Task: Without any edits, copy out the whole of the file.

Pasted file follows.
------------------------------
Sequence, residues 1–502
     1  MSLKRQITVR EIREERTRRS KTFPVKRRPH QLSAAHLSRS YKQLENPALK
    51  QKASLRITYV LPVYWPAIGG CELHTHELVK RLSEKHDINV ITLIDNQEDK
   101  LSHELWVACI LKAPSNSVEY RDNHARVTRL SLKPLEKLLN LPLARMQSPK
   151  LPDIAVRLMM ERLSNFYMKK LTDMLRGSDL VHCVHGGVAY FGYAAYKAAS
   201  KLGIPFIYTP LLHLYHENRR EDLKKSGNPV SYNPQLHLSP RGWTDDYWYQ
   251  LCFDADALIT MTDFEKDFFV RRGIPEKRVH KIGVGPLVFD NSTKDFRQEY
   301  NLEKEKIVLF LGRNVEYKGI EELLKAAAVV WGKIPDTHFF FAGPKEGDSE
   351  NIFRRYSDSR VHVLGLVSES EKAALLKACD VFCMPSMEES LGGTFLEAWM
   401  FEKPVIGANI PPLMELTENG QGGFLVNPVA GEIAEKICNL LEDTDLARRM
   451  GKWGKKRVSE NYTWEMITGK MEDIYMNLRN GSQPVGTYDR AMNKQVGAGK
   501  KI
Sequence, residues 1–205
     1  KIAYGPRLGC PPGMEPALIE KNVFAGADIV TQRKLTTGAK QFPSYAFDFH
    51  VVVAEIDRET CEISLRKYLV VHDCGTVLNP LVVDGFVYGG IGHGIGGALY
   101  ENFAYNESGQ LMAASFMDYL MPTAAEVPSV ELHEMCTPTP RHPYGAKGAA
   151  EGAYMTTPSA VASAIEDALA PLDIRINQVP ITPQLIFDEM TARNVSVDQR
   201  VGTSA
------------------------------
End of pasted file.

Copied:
Sequence, residues 1–502
     1  MSLKRQITVR EIREERTRRS KTFPVKRRPH QLSAAHLSRS YKQLENPALK
    51  QKASLRITYV LPVYWPAIGG CELHTHELVK RLSEKHDINV ITLIDNQEDK
   101  LSHELWVACI LKAPSNSVEY RDNHARVTRL SLKPLEKLLN LPLARMQSPK
   151  LPDIAVRLMM ERLSNFYMKK LTDMLRGSDL VHCVHGGVAY FGYAAYKAAS
   201  KLGIPFIYTP LLHLYHENRR EDLKKSGNPV SYNPQLHLSP RGWTDDYWYQ
   251  LCFDADALIT MTDFEKDFFV RRGIPEKRVH KIGVGPLVFD NSTKDFRQEY
   301  NLEKEKIVLF LGRNVEYKGI EELLKAAAVV WGKIPDTHFF FAGPKEGDSE
   351  NIFRRYSDSR VHVLGLVSES EKAALLKACD VFCMPSMEES LGGTFLEAWM
   401  FEKPVIGANI PPLMELTENG QGGFLVNPVA GEIAEKICNL LEDTDLARRM
   451  GKWGKKRVSE NYTWEMITGK MEDIYMNLRN GSQPVGTYDR AMNKQVGAGK
   501  KI
Sequence, residues 1–205
     1  KIAYGPRLGC PPGMEPALIE KNVFAGADIV TQRKLTTGAK QFPSYAFDFH
    51  VVVAEIDRET CEISLRKYLV VHDCGTVLNP LVVDGFVYGG IGHGIGGALY
   101  ENFAYNESGQ LMAASFMDYL MPTAAEVPSV ELHEMCTPTP RHPYGAKGAA
   151  EGAYMTTPSA VASAIEDALA PLDIRINQVP ITPQLIFDEM TARNVSVDQR
   201  VGTSA